Visiting the south coast of Portugal was not initially a planned part of my trip but after doing a little research I was all for the adventure. Only then did I find out that the Algarve, Lagos in particular, is part of a well-worn backpacker trail – so much for being original! I also squeezed in a jaunt to Faro.
Lagos is a small tourist town on the Western end of the Algarve with Moorish and Renaissance architecture and great beaches.
What to do: I arrived in Lagos early in the evening and after settling into my hostel went for a wander around my environs. I found a beautiful waterfront, a small marina and a bustling old town centre with shops, restaurants and bars. At the end of the waterfront promenade I came across the Forte da Ponta da Bandeira and two striped mini lighthouses at the mouth of the river. There is a museum in the fortress but I didn’t go in. Right next to this is the Praia da Batata (Potato Beach). The waves were roaring and crashing into the fortress walls and soaking innocents – it was majestic.
The following day I hired a bike to cycle along the coastline to the Ponta de Piedade Lighthouse. There are stunning cliffs and lots of little inlets with names like Dona Ana beach, Pinhão Beach and Praia da Luz … I took so many photos! The cycle was easy and flat, on roads and cliff paths, about 20 mins to the lighthouse at a slow pace. The Ponta de Piedade has many grottoes you can visit by boat, kayak or on foot. However it was too windy to attempt while I was there.
I also visited the Museu Municipal Dr José Formosinho, a very dreary collection of antique ceramics, fishing equipment and coins but the gold-plated interior of the attached Santo António church is worth the entry fee of €3 per adult.
Other attractions include the old town walls, Meia Praia and the Marina de Lagos.
Further afield: Sagres, one hour away, at the western tip of Portugal can be visited as a day trip. It is very popular for surfing and other watersports.
Where to stay: Lagos is packed with hostels – many cater to a party crowd – and hotels that are full during the summer and school holidays.
What to eat: Seafood is a must. I enjoyed a whole grilled sea bass with potatoes and vegetables for only €11 at Caravela, one of the many al fresco restaurants in the old town.
Getting there: Lagos is connected to Faro, Lisbon and Seville by bus and train.
Getting around: Lagos is easily navigable on foot but bicycle, scooter and kayak hire is available in the town or at Praia da Batata.
Faro is the capital of the Algarve but is generally only used as a gateway to the resorts further along the coast. For this reason so many people are missing out on a wonderful contained city on the edge of the Ria Formosa Natural Park!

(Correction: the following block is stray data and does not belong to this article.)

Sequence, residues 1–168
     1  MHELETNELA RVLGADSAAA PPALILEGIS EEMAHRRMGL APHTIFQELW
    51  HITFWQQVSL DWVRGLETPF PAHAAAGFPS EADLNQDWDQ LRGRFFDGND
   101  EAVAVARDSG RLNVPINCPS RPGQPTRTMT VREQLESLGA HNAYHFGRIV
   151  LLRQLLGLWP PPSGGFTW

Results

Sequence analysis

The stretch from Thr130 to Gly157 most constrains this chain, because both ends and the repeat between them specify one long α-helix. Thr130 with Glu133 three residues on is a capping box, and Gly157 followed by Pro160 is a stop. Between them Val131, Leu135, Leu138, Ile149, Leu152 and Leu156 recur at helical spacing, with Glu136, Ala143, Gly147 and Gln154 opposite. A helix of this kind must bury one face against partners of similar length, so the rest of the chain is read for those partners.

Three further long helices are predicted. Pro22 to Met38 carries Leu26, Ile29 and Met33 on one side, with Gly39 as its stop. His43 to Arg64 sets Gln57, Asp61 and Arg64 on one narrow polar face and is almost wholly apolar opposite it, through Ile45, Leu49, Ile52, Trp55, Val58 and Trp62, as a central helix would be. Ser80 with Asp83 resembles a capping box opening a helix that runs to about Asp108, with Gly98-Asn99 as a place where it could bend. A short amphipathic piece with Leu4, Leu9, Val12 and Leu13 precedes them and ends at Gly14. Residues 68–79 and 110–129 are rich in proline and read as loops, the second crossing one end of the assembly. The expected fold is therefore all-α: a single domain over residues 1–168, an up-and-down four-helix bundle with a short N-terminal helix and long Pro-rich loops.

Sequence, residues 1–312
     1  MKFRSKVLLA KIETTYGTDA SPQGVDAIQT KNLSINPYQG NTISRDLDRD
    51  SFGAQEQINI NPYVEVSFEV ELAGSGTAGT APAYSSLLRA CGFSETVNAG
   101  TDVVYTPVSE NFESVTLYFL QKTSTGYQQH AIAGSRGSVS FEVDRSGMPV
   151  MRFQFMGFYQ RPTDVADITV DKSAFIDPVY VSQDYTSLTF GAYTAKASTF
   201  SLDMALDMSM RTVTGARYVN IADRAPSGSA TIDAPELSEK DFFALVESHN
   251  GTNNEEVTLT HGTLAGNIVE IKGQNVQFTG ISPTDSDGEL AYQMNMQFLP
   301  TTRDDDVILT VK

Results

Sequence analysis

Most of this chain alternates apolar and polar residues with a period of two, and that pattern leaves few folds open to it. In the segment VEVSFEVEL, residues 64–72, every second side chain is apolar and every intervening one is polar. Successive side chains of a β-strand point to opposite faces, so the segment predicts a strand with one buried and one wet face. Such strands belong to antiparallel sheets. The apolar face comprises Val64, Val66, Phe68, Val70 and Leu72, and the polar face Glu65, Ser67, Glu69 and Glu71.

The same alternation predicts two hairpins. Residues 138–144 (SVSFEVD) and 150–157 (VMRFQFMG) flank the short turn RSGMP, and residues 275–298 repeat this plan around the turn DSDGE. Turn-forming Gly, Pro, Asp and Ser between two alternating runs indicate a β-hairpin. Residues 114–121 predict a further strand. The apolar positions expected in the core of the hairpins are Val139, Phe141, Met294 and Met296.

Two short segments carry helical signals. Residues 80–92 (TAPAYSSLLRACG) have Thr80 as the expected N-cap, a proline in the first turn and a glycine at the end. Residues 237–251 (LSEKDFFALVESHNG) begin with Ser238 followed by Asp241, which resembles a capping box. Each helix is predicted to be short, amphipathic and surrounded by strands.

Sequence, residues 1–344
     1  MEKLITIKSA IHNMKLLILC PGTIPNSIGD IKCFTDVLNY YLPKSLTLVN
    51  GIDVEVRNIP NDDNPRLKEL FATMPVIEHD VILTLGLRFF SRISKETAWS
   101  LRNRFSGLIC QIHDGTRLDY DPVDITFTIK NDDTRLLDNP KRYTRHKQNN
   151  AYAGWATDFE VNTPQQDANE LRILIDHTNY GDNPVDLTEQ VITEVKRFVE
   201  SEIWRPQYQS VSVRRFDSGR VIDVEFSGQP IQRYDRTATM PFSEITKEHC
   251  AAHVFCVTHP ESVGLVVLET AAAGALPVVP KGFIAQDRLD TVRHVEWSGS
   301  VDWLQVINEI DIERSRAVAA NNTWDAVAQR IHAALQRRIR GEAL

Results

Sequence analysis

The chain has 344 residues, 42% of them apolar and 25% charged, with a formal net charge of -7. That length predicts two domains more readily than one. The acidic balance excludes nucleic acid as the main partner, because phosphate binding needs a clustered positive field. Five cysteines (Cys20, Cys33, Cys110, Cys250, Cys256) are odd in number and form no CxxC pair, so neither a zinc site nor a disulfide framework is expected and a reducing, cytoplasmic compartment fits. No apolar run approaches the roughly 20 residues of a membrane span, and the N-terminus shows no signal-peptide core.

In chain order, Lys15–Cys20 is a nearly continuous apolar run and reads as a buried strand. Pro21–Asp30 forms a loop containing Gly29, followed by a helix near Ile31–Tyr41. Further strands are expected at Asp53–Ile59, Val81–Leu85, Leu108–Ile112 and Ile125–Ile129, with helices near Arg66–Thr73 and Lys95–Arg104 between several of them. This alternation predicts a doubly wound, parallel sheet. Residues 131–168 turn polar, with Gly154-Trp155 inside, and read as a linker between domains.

The Ria Formosa is a lagoon protected by several barrier islands but still retaining contact with the sea. This creates a tidal marshland and unique ecosystem for fish, shellfish, birds and reptiles.
What to do: I spent the first evening in Faro rambling through the main streets of this small city. I visited the walled Old Town, delightful for an evening stroll. Within this small space are several churches, a cathedral, the Bishop’s Palace, a Moorish castle and a couple of small restaurants. There was a guy at the old city gate (the Arco da Vila) handing out maps – I think he’s a barman at O Castelo who sponsored the guide. I hope you see him too!
On my first and only full day in Faro I booked a guided boat trip on the Ria Formosa with Formosamar. Other companies also operate from Faro, Olhão or Tavira but all have similar services. Other options include kayak rental, ferry crossings to Ilha Deserta or cycling along the coastline of the Ria Formosa.
In my opinion the boat trip was fantastic – the guide was really knowledgeable and also passionate about the area, especially as he was studying marine parks at postgraduate level. The trip included a cruise through the Ria Formosa, a 30 min stop at Ilha Deserta – a non inhabited island with a gorgeous sandy beach and walking path through the mud flats – and a 30 min stop at Farol – another island with a charming white and red lighthouse, old fishermen’s cottages, a bar and a sea-facing rocky coastline. The trip lasted 2 hours in total and cost €25 each. A highly recommended excursion.
Where to stay: The Casa d’Alagoa is a brilliant hostel in a great location with spacious rooms, friendly staff and dinner every night.
Getting around: Like Lagos, it is easy to wander Faro on foot but bicycle rental is also possible.
I was highly impressed by my trip to the Algarve – there is a lot more to be discovered than I ever imagined!